The Dutch government making the decision to break its previously honored agreement with Japan was in exile at the time, and under the protection of those encouraging it to do so. A difficult position in which to say "no" to Washington and London.
A neutral Dutch government in control of its pre-war borders will not be in the same position, and may be persuaded to honor its previous commitments to Japan by a carrot-and-stick approach. The carrot would be Japan's ability to pay for continuing oil shipments in Chinese gold, and a possible Japanese guarantee of Dutch neutrality.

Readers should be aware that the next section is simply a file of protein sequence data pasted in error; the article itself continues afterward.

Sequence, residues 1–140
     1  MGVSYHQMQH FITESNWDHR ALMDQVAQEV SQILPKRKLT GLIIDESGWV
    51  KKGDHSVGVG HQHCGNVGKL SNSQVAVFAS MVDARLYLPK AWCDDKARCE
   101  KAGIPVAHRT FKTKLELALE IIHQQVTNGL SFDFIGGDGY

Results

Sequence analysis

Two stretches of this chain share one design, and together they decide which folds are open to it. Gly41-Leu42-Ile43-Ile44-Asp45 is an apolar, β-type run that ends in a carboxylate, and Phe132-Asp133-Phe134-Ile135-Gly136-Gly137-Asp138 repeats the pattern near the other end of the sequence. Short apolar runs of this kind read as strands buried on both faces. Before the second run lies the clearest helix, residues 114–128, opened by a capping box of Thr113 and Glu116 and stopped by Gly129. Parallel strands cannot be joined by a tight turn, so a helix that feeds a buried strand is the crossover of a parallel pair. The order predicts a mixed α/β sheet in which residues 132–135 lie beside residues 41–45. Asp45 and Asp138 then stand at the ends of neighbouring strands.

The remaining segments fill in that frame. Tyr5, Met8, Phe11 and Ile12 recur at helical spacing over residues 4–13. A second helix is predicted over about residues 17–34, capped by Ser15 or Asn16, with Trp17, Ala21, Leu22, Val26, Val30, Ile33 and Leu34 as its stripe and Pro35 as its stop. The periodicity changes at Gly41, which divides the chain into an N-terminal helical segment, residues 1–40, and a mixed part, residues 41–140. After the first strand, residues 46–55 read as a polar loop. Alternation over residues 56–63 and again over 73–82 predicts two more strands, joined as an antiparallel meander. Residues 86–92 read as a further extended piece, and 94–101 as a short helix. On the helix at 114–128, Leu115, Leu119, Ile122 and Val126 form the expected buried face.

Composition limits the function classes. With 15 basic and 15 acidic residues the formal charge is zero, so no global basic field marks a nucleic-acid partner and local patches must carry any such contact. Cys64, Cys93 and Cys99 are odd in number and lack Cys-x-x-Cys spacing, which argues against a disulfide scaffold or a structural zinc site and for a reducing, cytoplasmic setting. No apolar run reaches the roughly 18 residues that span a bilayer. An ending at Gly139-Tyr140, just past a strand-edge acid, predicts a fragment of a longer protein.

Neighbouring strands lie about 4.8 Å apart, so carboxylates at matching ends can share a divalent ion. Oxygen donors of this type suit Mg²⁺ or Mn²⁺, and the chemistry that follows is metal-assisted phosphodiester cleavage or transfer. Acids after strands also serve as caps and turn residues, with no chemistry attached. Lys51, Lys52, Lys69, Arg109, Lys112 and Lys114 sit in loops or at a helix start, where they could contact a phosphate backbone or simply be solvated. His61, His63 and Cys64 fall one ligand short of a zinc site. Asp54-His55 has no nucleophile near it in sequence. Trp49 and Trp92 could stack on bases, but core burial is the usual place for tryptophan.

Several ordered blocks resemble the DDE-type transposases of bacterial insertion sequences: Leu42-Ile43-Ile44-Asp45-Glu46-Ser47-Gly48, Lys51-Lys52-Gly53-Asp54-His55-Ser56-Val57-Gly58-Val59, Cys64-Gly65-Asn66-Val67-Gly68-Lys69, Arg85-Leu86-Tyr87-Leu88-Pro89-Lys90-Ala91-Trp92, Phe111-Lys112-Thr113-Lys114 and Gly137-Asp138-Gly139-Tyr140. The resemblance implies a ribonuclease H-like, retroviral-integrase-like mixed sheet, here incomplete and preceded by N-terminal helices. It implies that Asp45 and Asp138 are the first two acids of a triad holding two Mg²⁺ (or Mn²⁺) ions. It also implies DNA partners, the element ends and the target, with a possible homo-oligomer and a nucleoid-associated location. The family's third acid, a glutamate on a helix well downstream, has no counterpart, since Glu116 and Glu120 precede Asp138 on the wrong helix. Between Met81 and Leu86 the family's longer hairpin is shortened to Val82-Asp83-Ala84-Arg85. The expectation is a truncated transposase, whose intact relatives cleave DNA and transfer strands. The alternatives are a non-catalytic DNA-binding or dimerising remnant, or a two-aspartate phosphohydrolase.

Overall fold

The stick would be German.
You might be right. Let's say for a moment that The Hague is considering ignoring the US demand for an embargo for the reasons you outline. What would be the Anglo-American response to that? Hull can still send his note, and would the Anglo-Americans consider occupying the NEI to physically prevent oil export to Japan?